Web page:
And now the fake news ...
Parodies of Internet news sites
August 20, 1997
Web posted at: 5:14 p.m. EDT (2114 GMT)
From CNN Interactive Writer Wayne Drash
(CNN) -- A breaking news bulletin flashes across the computer
screen: "TV meteorologists conclude the heat wave is being
caused by excessive heat," it reads. Another Web site has a
banner proclaiming: The world's 975 million Muslims have
announced plans to "lighten up a bit."
While millions of readers read online news daily, hundreds of
news-parody Web sites are popping up all over cyberspace.
Many simply offer a quick satirical glimpse at recent events.
Others dedicate full-blown articles to false stories, often
attributing fabricated quotes to well-known people.
One clever site mocked a CNN Interactive article on Mars with
a story saying that weird objects were seen on the red
planet. Photographs showed Martians pressed against
Pathfinder's camera. NASA scientists called it the damnedest
thing they'd ever seen. The page layout starkly resembled
ours, except the Interactive logo was facing the wrong way.
Such sites can offer relief from the depressing news reported
by the media. And for their part, the sites typically run a
disclaimer stating they are not real news.
But some online journalists squawk, saying the sites further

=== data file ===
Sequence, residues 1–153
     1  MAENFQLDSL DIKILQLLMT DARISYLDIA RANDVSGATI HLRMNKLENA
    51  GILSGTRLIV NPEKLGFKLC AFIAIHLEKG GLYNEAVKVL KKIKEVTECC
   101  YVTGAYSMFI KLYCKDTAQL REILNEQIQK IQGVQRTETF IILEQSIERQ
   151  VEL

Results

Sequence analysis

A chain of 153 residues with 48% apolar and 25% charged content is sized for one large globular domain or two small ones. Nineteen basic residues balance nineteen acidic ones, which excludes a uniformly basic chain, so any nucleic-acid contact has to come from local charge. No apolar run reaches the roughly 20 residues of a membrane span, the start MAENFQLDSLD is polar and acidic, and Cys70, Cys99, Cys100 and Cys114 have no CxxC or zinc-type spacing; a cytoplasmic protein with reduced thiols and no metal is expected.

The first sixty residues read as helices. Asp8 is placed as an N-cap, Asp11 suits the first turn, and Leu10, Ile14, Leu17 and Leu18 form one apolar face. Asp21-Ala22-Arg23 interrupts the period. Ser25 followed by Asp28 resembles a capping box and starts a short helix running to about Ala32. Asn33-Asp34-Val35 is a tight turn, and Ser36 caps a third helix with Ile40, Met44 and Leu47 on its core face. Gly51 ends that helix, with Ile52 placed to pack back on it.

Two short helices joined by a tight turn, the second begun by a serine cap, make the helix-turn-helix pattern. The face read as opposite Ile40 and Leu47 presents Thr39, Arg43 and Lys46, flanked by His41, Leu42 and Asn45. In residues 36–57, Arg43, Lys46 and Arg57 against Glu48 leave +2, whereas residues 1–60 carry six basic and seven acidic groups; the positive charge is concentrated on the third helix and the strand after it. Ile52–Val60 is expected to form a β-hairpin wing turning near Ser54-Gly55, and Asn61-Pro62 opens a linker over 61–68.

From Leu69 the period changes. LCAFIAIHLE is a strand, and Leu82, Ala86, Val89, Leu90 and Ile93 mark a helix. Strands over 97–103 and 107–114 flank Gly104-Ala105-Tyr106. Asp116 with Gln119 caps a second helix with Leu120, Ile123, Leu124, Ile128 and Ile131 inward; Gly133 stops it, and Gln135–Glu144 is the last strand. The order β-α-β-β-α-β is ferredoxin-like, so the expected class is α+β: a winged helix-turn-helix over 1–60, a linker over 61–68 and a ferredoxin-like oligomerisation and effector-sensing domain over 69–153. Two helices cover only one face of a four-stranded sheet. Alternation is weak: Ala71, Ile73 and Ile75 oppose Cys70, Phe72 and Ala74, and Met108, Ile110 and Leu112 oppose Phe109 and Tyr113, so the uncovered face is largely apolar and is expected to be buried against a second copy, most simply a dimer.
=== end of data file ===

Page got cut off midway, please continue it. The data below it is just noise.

cripple their efforts to gain credibility among print and TV
peers. Others unleash loud guffaws and immediately crank
out e-mails to share the URLs with friends in the industry.
Among the most detailed news-parody sites is The Onion, (www.theonion.com) which bills itself as "Number one in
news." (It also is intended for people over the age of 18).
The site is updated weekly with in-depth articles about ...
One article reports that members of the National Education
Association are appalled at the poor grammar used in
teen-suicide notes. Another claims that President Clinton has
declared a weeklong national holiday to get the national sh-t
together. And yet another says the world's Muslims plan to
chill out -- "the most significant Islamic ideological
pronouncement since a 732 A.D. pledge to drive the Hebrews
into the sea," the site says.
Skewpoint on the News
skewers the news in short, quirky blurbs. It's motto:
"Breaking the news beyond repair."
Perusing the site, one quickly discovers that cosmonauts
aboard space station Mir are on strike and have asked U.S.
Labor Secretary Alexis Herman to redouble her efforts in
getting better pay and working conditions for those aboard
the aging spacecraft. Another blurb says United Parcel
Service is working to replace its fleet of trucks with giant
versions of the Mars' Sojourner rover.
Other sites mock main media outlets. Stale, (www.stale.com) makes fun of Microsoft's online magazine, Slate. Others,
like CNNot, (http://www.guerrilla.com/cnn/) report
fictionalized articles beneath old CNN Interactive logos,
including one that reports the FDA has determined that
secondhand ... uh, well think of a word that rhymes with darts ... are a health hazard.